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103rd Airlift Wing Salutes Hometown Heroes

Conn. Air National Guard’s State Command Chief Master Sgt. Daniel Coppinger addresses a formation of the 103rd Airlift Wing’s Flying Yankees during a Hometown Heroes Salute ceremony held in the main hangar at Bradley Air National Guard Base, East Granby, Conn. Dec. 5, 2009.  The ceremony was part of a national program designed to recognize the men and women who had been previously called to active-duty service for more than 30 consecutive days since Sept. 11, 2001.  (U.S. Air Force image by Master Sgt. Michelle Thomas)

Conn. Air National Guard’s State Command Chief Master Sgt. Daniel Coppinger addresses a formation of the 103rd Airlift Wing’s Flying Yankees during a Hometown Heroes Salute ceremony held in the main hangar at Bradley Air National Guard Base, East Granby, Conn. Dec. 5, 2009. The ceremony was part of a national program designed to recognize the men and women who had been previously called to active-duty service for more than 30 consecutive days since Sept. 11, 2001. (U.S. Air Force image by Master Sgt. Michelle Thomas)

BRADLEY ANG BASE, East Granby, Conn. -- Members of the Conn. Air National Guard gathered Dec. 5, 2009, to honor and recognize more than 550 men and women who deployed in support of overseas contingency operations.

Connecticut's Hometown Heroes are Airmen previously called to active-duty service for more than 30 consecutive days since Sept. 11, 2001.

"What we're doing today is catching up from 2001 to about 2008. The plan going forward is to do this every year to recognize deployers and their families," said Col. Frank N. Detorie, commander, 103rd Airlift Wing.

"Along with the deployers, 400 children, more than 500 family members and countless friends were recognized for their unyielding support for the Global War on Terrorism," said Conn. Air National Guard's State Command Chief Master Sgt. Daniel Coppinger.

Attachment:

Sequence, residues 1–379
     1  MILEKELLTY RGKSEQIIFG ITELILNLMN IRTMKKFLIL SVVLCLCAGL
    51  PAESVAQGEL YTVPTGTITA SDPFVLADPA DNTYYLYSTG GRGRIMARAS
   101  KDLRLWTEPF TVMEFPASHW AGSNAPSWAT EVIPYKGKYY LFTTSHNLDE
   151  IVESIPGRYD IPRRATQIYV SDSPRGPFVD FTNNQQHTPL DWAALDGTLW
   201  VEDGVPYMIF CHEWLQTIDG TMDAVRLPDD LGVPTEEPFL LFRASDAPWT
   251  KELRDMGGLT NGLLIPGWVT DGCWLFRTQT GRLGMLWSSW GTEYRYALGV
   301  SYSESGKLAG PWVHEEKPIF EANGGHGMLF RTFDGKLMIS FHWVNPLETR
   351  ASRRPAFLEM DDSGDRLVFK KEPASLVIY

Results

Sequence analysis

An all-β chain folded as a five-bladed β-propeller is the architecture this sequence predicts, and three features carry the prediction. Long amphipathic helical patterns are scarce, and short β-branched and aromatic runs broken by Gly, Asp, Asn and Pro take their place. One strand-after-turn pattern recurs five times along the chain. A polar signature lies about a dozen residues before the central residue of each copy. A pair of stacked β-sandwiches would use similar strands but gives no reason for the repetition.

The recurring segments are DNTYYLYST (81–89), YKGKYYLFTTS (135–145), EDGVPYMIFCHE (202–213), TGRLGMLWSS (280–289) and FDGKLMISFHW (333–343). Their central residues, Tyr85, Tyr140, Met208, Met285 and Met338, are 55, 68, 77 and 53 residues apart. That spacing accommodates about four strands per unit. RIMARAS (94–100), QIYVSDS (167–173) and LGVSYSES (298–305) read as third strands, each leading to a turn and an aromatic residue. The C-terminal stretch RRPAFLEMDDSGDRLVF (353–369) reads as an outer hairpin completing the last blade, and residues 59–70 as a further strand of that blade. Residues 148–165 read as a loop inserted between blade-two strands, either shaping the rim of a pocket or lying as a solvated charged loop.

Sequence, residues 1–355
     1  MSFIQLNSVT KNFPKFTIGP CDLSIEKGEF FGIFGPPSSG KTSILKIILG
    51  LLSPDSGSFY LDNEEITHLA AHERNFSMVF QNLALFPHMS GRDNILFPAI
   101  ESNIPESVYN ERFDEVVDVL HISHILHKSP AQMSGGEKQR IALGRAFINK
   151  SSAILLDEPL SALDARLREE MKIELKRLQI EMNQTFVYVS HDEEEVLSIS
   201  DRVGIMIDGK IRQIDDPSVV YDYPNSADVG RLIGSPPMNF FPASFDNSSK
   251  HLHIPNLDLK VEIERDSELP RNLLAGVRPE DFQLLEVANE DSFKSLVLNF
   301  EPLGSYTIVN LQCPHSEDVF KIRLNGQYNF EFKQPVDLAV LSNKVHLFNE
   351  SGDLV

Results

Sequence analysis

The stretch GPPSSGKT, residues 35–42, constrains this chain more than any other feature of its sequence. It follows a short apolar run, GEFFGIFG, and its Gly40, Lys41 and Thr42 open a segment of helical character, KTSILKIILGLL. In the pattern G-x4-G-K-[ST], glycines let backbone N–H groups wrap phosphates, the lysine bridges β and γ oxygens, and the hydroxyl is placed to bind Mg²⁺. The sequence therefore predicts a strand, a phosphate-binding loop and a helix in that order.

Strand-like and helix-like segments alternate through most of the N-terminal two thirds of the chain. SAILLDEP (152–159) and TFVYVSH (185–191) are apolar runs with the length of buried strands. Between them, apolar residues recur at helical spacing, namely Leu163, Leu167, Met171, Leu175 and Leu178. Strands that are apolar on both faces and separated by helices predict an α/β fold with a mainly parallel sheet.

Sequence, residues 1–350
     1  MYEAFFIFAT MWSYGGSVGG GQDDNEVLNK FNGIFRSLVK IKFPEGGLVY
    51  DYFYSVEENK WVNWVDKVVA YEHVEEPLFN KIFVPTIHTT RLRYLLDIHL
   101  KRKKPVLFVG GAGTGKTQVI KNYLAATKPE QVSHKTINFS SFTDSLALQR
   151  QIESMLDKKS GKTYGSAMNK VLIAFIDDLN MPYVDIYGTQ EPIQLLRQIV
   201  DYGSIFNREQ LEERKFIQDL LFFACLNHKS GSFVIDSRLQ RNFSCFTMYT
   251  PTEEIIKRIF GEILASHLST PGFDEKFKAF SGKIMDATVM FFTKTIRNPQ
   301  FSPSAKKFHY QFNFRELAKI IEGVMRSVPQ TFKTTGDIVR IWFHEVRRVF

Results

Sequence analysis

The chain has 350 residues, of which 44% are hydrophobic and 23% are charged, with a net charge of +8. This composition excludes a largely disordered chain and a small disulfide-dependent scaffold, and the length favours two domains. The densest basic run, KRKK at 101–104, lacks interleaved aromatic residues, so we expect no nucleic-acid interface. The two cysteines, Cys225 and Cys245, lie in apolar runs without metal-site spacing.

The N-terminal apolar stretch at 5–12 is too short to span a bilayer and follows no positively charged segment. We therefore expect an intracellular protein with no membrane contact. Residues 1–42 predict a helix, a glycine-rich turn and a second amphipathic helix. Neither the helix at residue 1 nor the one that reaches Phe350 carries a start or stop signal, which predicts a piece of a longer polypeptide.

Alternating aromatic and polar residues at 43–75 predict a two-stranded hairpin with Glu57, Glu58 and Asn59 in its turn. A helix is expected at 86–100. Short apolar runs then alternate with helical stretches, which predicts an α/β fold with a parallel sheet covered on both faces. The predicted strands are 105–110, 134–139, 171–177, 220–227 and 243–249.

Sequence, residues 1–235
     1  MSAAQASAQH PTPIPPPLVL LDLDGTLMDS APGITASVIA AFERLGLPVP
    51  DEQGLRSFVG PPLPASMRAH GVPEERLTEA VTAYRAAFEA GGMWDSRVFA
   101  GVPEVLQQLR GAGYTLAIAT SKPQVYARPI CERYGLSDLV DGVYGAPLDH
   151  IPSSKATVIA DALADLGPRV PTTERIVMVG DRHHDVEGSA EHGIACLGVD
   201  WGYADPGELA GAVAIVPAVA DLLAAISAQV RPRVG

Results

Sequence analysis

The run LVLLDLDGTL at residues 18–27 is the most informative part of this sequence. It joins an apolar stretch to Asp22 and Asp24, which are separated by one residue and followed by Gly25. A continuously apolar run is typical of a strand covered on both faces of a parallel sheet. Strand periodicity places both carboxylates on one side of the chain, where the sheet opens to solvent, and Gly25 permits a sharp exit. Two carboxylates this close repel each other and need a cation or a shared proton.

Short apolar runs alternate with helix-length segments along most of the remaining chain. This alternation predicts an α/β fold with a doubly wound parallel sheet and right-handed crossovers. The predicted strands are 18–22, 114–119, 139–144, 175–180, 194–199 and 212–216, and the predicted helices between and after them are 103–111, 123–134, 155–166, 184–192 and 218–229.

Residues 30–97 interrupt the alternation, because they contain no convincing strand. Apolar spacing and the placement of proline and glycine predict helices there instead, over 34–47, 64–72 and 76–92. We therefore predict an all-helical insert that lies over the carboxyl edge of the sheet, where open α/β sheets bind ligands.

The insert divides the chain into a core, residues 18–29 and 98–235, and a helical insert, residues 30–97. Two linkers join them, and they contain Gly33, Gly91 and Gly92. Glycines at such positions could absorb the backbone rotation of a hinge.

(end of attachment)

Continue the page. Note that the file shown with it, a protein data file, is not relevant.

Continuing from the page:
"It is not only the Airmen in formation before you that contributed to fighting the Global War of Terror, but also: the patriotism, the bravery, strength, resilience and unyielding support of every spouse, significant other, child, family member, friend and community member that has allowed them to perform their duties," said Coppinger.

"That support network lets us do what we need to do, especially when we deploy," said Detorie, referring to the family members of deployers.

"I think they are often overlooked, especially in the terms of sacrifices they make, when we deploy," Detorie said.

"Whether it's the hot water heater going two days after we deploy or the soccer games we can't make, we know how tough it is at home, and today's ceremony is a part of recognizing that," he said.

"One of the things you're going to be struck with when you go pick up your hometown salute award," said Detorie, "is the quality of the thing. It's a big, heavy, well made, rosewood plaque that really acknowledges the service of deployers and their families."

The plaque itself is adorned with hometown hero salute coins and personalized with the Airman's name. Additionally, it is signed by Chief of the National Guard Bureau, Gen. Craig R. McKinley and the former Command Chief of the Air National Guard, Chief Master Sgt. Richard A. Smith.

"But the big takeaway today, is acknowledgement of your families," Detorie said.